Amifampridine an Effective Treatment for Spinal Muscle AtrophySpinal muscular atrophy (SMA) is an autosomal recessive disease caused by mutations in the survival motor neuron 1 (SMN1) gene, which encodes the SMN protein. The resulting deficiencies in the SMN protein lead to progressive lower motor neuron degeneration. Clinical severity in this disorder is variable, depending on the presence of the SMN2 gene, which can partially compensate for the SMN protein deficiency. Currently approved treatments for SMA target increasing SMN protein production by SMN2 (nusinersen, risdiplam) or reintroduce the SMN1 gene (gene therapy with onasemnogene abeparvovec).READ MORE...SMA-001, a phase 2, randomized, double-blind, placebo-controlled crossover study, explored a new avenue of treatment for SMA. Patients with SMA Type 3 commonly report fatigue and display a significant response on nerve stimulation studies, signs that suggest impaired neuromuscular junction (NMJ) transmission has a role in the disorder. Amifampridine, a voltage-dependent potassium channel blocker approved for treatment of Lambert-Eaton myasthenic syndrome, prolongs depolarization of the presynaptic NMJ terminal, enhancing neuromuscular transmission and muscle function.From January 2019 to September 2020, SMA-001 enrolled ambulatory patients with SMA Type 3 (able to walk unaided at least 30 meters) who had not received SMN-targeting therapies such as nusinersen. The study included 13 patients, 5 women and 8 men, mean age, 34.5 years. Patients first entered a run-in phase, in which amifampridine was individually titrated up to a maximal effective dose, but no higher than 80 mg/day. Then, those who achieved at least a 3-point improvement in the Hammersmith Functional Motor Score Expanded (HFMSE) were randomly assigned to amifampridine or placebo in a 28-day blinded crossover phase. Patients were assigned to amifampridine/placebo or placebo/amifampridine sequence, which they took for 2 weeks, then switched to the other, with no washout period. The dosage of amifampridine given in this crossover phase was that determined for each individual in the run-in phase. During weekly clinic visits, the HFSME was administered, as were a number of timed tests of motor skills and quality of life assessments.Statistically significant improvement in HFMSE was observed in patients taking amifampridine compared to placebo (mean difference, 0.792). This effect is small, but the fact that the HFMSE score had already improved by at least 3 points before randomization might explain that. However, no significant differences were observed in results of timed tests. In quality-of-life measures, statistically significant improvement was observed in the fatigue subscale, as well as a significant reduction in the expected treatment subscale, but for all other subscale scores, differences were nonsignificant. No serious adverse events were reported, and treatment adherence was high throughout the study.Results provided Class II evidence that amifampridine is safe and effective in treating ambulatory SMA Type 3 patients, demonstrating that fostering neuromuscular transmission can improve fatigability in these patients. The study findings were limited by the small sample size and the brevity of the study, since SMA Type 3 doesn’t typically progress rapidly. Larger, well-powered studies may better define the role of amifampridine as adjunctive treatment to SMN-enhancing treatments. (Bonanno, S., et al. (2022). Amifampridine safety and efficacy in spinal muscular atrophy ambulatory patients: A randomized, placebo-controlled, crossover phase 2 trial. J Neurol, 269, 5858–5867. Retrieved November 2022 from https://link.springer.com/article/10.1007/s00415-022-11231-7)Released: November 2022Nursing Drug Handbook© 2022 Wolters KluwerEtrolizumab for Crohn DiseaseResults of BERGAMOT, a randomized, double-blind, phase 3 study published in The Lancet Gastroenterology and Hepatology, demonstrated that maintenance treatment with etrolizumab, an antibody against β7 integrin, produced significantly higher rates of clinical remission in patients with moderate to severe Crohn disease. The study, conducted at 326 treatment centers worldwide, compared the safety and efficacy of etrolizumab, in two dosage strengths, with placebo as both induction and maintenance therapy.READ MORE...The study, conducted from March 2015 through September 2021, enrolled patients ages 18 to 80 with moderate to severe active Crohn disease, as defined by a Crohn Disease Activity Index (CDAI) score between 220 and 480, mean daily stool frequency score greater than or equal to 6, or daily stool frequency score greater than or equal to 3 and mean daily abdominal pain score greater than or equal to 1, and presence of active inflammation on ileocolonoscopy. The patients also had intolerance to or inadequate or no response to treatment with corticosteroids, immunosuppressants, or anti-TNF therapy within the past 5 years.BERGAMOT consisted of three induction cohorts (a placebo-controlled, double-blind exploratory cohort; an active cohort without placebo control; and a placebo-controlled, double-blind pivotal cohort) and a maintenance cohort. This report discusses the findings of cohort 3, in which 385 patients were randomly assigned to placebo (n = 97), 105 mg etrolizumab subcutaneously every 4 weeks (n = 143), or 210 mg etrolizumab subcutaneously every 4 weeks (n = 145). At week 14 of induction therapy, patients from all three cohorts who had a response to etrolizumab as measured by CDAI-70 were rerandomized to receive 105 mg etrolizumab or placebo as maintenance every 4 weeks for 52 weeks. As a result, 434 patients took part in the maintenance phase, 217 in the placebo arm, and 217 in the etrolizumab arm.The researchers determined the proportion of patients who entered clinical remission, defined as mean daily stool frequency less than or equal to 3 and mean daily abdominal pain less than or equal to 1, with no worsening, and the proportion who demonstrated endoscopic improvement, as shown by greater than or equal to 50% reduction in Simple Endoscopic Score for Crohn’s Disease (SES-CD). At week 14, 48 patients (33%) in the 210-mg induction group versus 28 patients (29%) in the placebo group were in clinical remission (adjusted treatment difference, 3.8%). Endoscopic improvement was seen in 40 patients (27%) in the 210-mg induction group vs. 21 patients (22%) in the placebo group (adjusted treatment difference, 5.8%). At week 66 of maintenance treatment, significantly higher proportions of patients receiving etrolizumab than those receiving placebo were in clinical remission: 76 patients (35%) in the etrolizumab maintenance group versus 52 patients (24%) on placebo (adjusted treatment difference, 11.3%). Significantly higher proportions of patients in the etrolizumab arm showed endoscopic improvement: 51 patients (24%) vs. 26 patients (12%) in the placebo arm (adjusted treatment difference, 11.5%).These findings demonstrate a significantly higher incidence of clinical remission and endoscopic improvement in patients with moderate to severe Crohn disease during the maintenance phase of treatment with etrolizumab, but not during induction. (Sandborn, W., et al. (2022). Etrolizumab as induction and maintenance therapy in patients with moderately to severe active Crohn’s disease (BERGAMOT): A randomized, placebo-controlled, double-blind, phase 3 trial. Lancet Gastroenterol Hepatol. Advance online publication. Retrieved November 2022 from https://www.thelancet.com/journals/langas/article/PIIS2468-1253(22)00303-X/fulltext)Released: November 2022Nursing Drug Handbook© 2022 Wolters KluwerAbnormal Menstrual Bleeding Associated with Anticoagulant for Acute VTEAbnormal uterine bleeding (AUB) is common among women of reproductive age treated with anticoagulants for acute venous thromboembolism (VTE), with a considerable negative impact on quality of life (QOL). The TEAM-VTE study, an international multicenter prospective cohort study in patients of reproductive age (18 to 50) diagnosed with acute VTE, was conducted at 12 hospitals across 8 European countries between August 2018 and September 2021. The study, published in the journal Blood, aimed to quantify the burden of AUB and to identify unmet clinical needs in patients receiving anticoagulant therapy.READ MORE...From August 2018 to March 2021, 98 patients with confirmed symptomatic first or recurrent VTE and active menstrual cycles, with a mean age of 34, were enrolled shortly after diagnosis of VTE (before the first day of the next menstrual cycle after VTE diagnosis or within 1 month of diagnosis) and were followed until discontinuation of anticoagulant treatment or 6 months, whichever came first. If AUB was discovered, a diagnostic workup was performed to rule out other causes of the bleeding. The patients were followed using various measures:· Menstrual blood loss for the last menstrual cycle before VTE and then for each cycle in the 3 to 6 months of follow-up was measured by pictorial blood loss assessment charts (PBAC), a validated self-reporting tool.· AUB-related QOL was assessed at baseline and the end of follow-up using the Menstrual Bleeding Questionnaire (MBQ); these were available for 74 women.Patients were followed for recurrence of symptomatic VTE, any bleeding event other than AUB, and all-cause mortality, and were managed according to accepted guidelines and local preference. The researchers noted which anticoagulant was administered to treat the VTE in these patients; 78 were treated with oral direct factor Xa inhibitors (rivaroxaban, apixaban, edoxaban), 13 with vitamin K antagonists (warfarin) or low-molecular-weight heparins, and 7 with the direct thrombin inhibitor dabigatran.Overall, AUB as defined by one of three accepted measures (PBAC score greater than 100, PBAC score greater than 150, or self-report) occurred in 66% of patients at any time during the follow-up period; for 90% of them, this occurred within the first 2 months after VTE diagnosis. Among women without AUB before VTE based on retrospective PBAC scores (assessing blood loss during the last menstrual cycle before VTE diagnosis), new-onset AUB occurred in 60% (37% of the overall population of study) in those with retrospective PBAC less than or equal to 100, and in 63% (43% of the overall population) in those with retrospective PBAC less than or equal to 150.The median PBAC score increased during the first menstrual cycle compared with the retrospective PBAC (median PBAC before VTE was 35 and for first menstrual cycle was 95). After the first menstrual cycle, the amount of blood loss decreased gradually, followed by median PBAC scores that remained stable in the 2nd through 6th cycles at about twice the retrospective PBAC score. The observational design of the study and the low number of patients exposed to the different anticoagulants prevent drawing any definitive conclusions about differences among the oral anticoagulants; however, patients treated with dabigatran showed no increase in blood loss during the first cycle, in contrast to patients treated with either oral direct factor Xa inhibitors, vitamin K antagonists, or low-molecular-weight heparin.The overall QOL decreased significantly over time, with a mean increase in MBQ score of 5.1 points between baseline and cessation of anticoagulation or 6-month follow-up. On analysis, the decrease in QOL was observed only among those who had new-onset AUB, with mean difference in MBQ score of +9.2 points for those with new-onset AUB versus those without AUB and of +9.3 points for those with new-onset AUB versus those who had experienced AUB before VTE.These findings support the proposed association of incident AUB with anticoagulation and highlight the critical need to include assessment of AUB in daily practice. It should increase awareness and should lead to development of evidence-based strategies to routinely and adequately prevent and treat incident AUB in this setting. (de Jong, C. M. M., et al. (2022). Incidence and impact of anticoagulation-associated abnormal menstrual bleeding in women after venous thromboembolism. Blood, 140(16), 1764–1773. Retrieved November 2022 from https://ashpublications.org/blood/article/140/16/1764/486115/Incidence-and-impact-of-anticoagulation-associated)Released: November 2022Nursing Drug Handbook© 2022 Wolters Kluwer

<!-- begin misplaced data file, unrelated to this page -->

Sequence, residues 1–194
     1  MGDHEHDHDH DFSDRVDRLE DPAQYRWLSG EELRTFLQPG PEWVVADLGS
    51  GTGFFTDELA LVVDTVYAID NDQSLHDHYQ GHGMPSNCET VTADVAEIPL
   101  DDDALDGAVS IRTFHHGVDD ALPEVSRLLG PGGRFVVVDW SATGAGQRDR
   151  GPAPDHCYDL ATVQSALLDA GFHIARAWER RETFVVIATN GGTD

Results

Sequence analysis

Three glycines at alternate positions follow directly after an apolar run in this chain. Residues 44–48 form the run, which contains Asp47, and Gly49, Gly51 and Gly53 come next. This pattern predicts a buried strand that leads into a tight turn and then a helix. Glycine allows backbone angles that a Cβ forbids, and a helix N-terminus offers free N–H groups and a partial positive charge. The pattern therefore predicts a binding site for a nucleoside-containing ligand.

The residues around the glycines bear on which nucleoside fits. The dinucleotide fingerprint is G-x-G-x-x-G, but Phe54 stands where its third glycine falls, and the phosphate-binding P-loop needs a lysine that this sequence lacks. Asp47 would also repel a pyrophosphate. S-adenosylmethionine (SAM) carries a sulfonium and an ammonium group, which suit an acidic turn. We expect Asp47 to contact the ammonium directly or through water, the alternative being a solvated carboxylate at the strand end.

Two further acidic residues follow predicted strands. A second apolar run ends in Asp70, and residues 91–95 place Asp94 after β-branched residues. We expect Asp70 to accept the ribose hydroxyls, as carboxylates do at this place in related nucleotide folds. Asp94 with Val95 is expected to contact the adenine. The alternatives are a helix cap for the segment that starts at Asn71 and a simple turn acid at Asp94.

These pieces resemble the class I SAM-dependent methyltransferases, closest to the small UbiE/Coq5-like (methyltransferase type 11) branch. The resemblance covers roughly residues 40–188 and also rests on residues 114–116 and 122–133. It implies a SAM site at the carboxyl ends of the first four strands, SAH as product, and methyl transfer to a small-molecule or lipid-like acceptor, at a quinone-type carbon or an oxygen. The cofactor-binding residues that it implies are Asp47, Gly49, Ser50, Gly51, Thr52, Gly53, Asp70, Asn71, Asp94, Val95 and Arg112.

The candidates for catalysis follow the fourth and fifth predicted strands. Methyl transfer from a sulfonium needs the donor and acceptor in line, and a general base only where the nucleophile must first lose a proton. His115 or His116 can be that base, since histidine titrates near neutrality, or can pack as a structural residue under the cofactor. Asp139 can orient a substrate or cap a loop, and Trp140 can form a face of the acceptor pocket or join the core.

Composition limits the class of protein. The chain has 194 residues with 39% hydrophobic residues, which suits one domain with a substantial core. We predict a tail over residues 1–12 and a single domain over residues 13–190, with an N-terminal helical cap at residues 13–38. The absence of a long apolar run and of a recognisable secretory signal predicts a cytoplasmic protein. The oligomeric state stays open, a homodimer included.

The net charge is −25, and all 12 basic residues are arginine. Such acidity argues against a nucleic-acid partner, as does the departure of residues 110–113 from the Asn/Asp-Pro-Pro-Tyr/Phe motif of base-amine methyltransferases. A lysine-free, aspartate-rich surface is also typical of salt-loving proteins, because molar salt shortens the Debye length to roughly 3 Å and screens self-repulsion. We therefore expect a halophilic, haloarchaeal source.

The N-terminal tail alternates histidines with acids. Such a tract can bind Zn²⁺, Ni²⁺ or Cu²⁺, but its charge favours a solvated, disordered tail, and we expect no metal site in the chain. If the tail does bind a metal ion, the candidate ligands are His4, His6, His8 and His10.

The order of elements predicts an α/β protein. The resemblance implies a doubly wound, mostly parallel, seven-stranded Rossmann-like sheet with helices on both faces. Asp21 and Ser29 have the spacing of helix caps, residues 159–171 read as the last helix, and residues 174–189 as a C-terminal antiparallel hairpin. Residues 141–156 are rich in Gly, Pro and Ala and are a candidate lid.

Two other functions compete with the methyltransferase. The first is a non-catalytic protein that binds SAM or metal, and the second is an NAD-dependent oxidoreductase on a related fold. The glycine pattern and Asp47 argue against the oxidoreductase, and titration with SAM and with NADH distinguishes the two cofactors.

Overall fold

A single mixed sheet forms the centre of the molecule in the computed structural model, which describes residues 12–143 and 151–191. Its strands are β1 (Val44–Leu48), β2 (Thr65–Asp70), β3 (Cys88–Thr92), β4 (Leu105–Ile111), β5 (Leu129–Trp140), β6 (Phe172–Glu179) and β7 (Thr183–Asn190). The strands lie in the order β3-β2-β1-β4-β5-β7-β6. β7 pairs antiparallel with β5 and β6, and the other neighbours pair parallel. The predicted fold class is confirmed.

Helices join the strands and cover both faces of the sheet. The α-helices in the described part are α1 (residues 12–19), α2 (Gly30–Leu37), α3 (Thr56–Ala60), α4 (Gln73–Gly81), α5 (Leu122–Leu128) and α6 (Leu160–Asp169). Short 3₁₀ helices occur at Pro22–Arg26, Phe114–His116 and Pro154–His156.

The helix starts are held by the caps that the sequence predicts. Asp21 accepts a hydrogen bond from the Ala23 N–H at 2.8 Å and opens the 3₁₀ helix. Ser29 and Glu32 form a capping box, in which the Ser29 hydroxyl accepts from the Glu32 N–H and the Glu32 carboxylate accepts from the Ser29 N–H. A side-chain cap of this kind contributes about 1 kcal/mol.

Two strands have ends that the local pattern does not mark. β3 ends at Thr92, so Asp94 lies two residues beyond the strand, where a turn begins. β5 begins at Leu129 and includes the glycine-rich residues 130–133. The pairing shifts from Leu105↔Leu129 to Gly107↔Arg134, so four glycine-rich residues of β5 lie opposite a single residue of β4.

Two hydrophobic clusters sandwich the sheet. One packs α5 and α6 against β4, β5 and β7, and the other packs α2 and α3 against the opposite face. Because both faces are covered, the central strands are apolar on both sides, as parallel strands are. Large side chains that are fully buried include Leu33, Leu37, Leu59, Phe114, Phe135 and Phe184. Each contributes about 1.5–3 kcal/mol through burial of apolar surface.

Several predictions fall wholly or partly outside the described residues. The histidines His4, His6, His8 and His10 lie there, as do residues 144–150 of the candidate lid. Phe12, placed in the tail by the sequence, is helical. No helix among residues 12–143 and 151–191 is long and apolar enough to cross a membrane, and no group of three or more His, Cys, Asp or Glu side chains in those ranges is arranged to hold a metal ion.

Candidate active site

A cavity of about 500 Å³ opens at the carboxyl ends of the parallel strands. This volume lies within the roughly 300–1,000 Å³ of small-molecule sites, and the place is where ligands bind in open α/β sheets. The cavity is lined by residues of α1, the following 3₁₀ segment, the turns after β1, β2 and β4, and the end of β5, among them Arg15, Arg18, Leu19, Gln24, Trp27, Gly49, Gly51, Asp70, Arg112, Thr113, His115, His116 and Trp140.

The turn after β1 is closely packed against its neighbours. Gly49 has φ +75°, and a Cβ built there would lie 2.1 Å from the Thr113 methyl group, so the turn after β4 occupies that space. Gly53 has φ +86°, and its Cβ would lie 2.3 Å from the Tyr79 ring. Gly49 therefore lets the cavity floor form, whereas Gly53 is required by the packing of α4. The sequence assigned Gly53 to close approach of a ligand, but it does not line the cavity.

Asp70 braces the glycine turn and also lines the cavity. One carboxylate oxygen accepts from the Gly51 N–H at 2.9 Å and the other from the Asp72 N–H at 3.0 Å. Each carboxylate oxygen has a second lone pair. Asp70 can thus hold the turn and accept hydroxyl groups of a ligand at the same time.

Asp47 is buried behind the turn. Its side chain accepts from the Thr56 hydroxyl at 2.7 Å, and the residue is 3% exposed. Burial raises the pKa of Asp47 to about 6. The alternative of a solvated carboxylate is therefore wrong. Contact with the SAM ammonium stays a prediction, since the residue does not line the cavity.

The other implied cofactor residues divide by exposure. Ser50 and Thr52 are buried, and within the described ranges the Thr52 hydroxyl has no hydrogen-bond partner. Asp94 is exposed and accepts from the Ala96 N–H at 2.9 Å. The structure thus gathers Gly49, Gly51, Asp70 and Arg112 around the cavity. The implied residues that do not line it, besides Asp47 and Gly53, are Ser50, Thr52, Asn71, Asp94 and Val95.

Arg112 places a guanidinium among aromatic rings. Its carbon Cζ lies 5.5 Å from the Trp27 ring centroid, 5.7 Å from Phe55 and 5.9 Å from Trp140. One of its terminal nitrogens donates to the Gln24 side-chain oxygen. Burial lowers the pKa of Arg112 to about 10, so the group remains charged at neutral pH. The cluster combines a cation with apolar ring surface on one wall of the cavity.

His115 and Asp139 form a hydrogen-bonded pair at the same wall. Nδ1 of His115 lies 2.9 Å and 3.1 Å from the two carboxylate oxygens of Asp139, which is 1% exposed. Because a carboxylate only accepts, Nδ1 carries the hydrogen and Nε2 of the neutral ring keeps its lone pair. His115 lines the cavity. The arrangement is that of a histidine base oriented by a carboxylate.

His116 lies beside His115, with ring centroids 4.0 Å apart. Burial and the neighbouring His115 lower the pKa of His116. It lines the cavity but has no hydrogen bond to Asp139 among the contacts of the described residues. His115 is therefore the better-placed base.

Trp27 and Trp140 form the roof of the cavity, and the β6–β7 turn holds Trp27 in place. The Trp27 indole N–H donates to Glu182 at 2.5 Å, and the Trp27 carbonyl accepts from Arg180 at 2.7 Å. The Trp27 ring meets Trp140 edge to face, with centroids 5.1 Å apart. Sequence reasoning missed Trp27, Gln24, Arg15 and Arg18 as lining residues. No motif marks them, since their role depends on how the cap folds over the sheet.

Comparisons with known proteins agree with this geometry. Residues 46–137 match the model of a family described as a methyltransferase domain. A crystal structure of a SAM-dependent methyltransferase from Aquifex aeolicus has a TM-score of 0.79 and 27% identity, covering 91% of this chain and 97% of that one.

Drug News Abstracts - October 2022